We meet the main character Michelle 18 months after being involved in a horrific accident. From the cover we know that Michelle was driving, a young man died, she's being blamed, and her daughter is missing. Unfortunately Michelle doesn't know any of these things. Her recovery has been long and difficult. The traumatic brain injury she sustained has left her without any memory of the crash or the events leading up to it. Her husband Drew decided that it would be better to keep the truth from her so she doesn't get upset. He fabricates a story that Nikki, their teenage daughter, is attending school in Australia and even mails her postcards of famous landmarks. Now that Michelle has been released from the hospital she believes that Nikki will be coming home too. Her joyous homecoming turns surreal as the facts about the accident are revealed. In addition she learns that Drew is returning to New York where he has been living (and working).
Holy cow! Talk about upsetting and stressful! Michelle is stunned and angry. How could this happen? Why didn't anyone tell her? Where is her daughter and why isn't anyone doing anything to find her? These are some of the questions that she is determined to answer. But how? The last thing she remembers is wrapping Nikki's sweet 16 birthday present - when everything was normal. Or was it? Slowly Michelle begins to piece together the fractured bits of her memory as she struggles to find out what happened to her daughter.
I like Michelle, but I don't like her husband. I understand that sometimes you want to avoid giving people difficult news, but I can't believe for an instant that he was able to convince the doctors, hospital and therapists to go along with his lie about Nikki. It also seems incredibly harsh that he left her after less than 24 hours of being out of the hospital. Apparently their marriage was suffering more than anyone let on, but I guess that doesn't surprise me considering the lack of compassion he shows.
I can't help but think that this book would make terrific Lifetime Movie. It's got all the elements that you expect. A little tragedy, family drama, the mystery of the missing daughter, and the strained relationship between Michelle and her mother. Then there's the Hollywood backdrop and the untimely death of a rising star. All of those things feel a little cliche, but that doesn't mean that it's not a good story. I moved quickly through the book, rooting for Michelle and cursing the people who hindered her progress. The author captures the sense of urgency and desperation that any mother would surely feel in Michelle's situation.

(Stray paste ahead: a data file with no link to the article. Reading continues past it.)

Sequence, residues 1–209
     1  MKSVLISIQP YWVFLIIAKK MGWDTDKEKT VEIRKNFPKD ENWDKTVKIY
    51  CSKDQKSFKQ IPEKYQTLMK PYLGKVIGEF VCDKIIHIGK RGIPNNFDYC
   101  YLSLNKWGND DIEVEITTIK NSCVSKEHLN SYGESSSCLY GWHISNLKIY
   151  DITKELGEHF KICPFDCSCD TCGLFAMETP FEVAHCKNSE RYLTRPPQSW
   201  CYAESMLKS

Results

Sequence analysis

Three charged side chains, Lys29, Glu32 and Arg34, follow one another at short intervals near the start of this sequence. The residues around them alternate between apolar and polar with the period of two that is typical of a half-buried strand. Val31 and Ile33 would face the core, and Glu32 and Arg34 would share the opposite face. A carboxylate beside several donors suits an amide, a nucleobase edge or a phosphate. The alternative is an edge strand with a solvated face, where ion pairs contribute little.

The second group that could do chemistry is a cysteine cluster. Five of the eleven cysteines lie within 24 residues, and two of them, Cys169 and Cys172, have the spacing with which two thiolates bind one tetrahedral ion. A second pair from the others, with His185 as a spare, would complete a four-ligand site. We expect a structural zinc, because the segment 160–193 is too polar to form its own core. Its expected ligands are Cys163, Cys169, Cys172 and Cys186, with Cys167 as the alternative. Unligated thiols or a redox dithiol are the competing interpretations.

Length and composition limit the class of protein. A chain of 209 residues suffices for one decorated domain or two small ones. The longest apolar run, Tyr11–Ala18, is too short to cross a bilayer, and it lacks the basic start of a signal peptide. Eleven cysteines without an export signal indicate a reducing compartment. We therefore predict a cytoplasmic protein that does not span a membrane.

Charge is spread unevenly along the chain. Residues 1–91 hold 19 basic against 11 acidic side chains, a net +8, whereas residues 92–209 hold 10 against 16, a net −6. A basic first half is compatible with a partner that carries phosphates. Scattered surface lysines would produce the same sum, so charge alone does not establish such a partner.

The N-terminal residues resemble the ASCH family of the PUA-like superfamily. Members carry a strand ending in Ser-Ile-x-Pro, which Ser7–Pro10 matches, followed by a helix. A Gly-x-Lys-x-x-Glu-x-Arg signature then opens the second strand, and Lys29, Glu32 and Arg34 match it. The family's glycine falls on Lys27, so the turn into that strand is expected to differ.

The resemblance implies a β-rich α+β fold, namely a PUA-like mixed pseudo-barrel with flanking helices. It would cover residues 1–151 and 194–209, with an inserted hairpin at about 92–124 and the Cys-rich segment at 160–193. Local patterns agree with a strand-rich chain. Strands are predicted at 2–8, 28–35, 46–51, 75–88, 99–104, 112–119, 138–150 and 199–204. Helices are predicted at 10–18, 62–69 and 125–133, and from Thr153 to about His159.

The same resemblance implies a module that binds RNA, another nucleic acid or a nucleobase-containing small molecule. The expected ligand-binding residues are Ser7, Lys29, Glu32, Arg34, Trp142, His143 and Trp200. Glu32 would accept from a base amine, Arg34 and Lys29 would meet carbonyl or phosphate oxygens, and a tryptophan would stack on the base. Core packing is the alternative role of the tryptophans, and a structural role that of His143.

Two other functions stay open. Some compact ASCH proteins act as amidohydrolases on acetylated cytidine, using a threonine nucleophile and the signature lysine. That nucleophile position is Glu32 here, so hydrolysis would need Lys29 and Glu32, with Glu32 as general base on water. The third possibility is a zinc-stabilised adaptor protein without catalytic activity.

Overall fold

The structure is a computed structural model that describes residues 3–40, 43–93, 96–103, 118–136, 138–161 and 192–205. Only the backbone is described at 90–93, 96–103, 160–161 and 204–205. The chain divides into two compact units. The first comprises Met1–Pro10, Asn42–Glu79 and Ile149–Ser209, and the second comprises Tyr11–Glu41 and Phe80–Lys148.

As a knitter I was thrilled to see that there are several references to yarn and knitting! It's something Michelle and Nikki share and the appearance of a unique yarn or garment has special meaning to both of them. I also like the classic rock references and the lyrics that Nikki used to send messages and share her feelings. More than once I found myself with a Door's song stuck in my head long after I closed the book!
What a Mother Knows is an intriguing story that really made me think. How far would I go to find my child? That's easy - as far as I have to. How about you?
What a Mother Knows - Book Launch / Blog Tour
April 29 – Robin Reads & Writes
May 1 - Chick Lit is Not Dead
May 2 - Bookfoolery
May 3 - The Bookworm
May 4 - Lori's Reading Corner
May 5 - The Self Taught Cook
May 6 - Mrs Condit Reads Books
May 7 - From the TBR Pile
May 8 - Cocktails and Books
May 9 - Burton Book Review
May 10 - Chick Lit Plus
May 12 - The Book Diva’s Reads
May 13 - Peeking Between the Pages
May 14 - Long and Short Reviews
May 15 - Rainy Day Ramblings
May 16 - Help4NewMoms
May 17 - Winey Mommy
May 18 - Cozy Up with a Good Read
May 20 - A Bookish Way of Life
May 21 – Confessions of a Book Junkie
May 22 - 5 Minutes for Mom
May 23 - Angela Klocke
May 24 - WeeShare
May 26 - Brianna Lee
May 28 - Reviewing Shelf
May 29 - Socrates Book Reviews
May 31 - Passionate about Books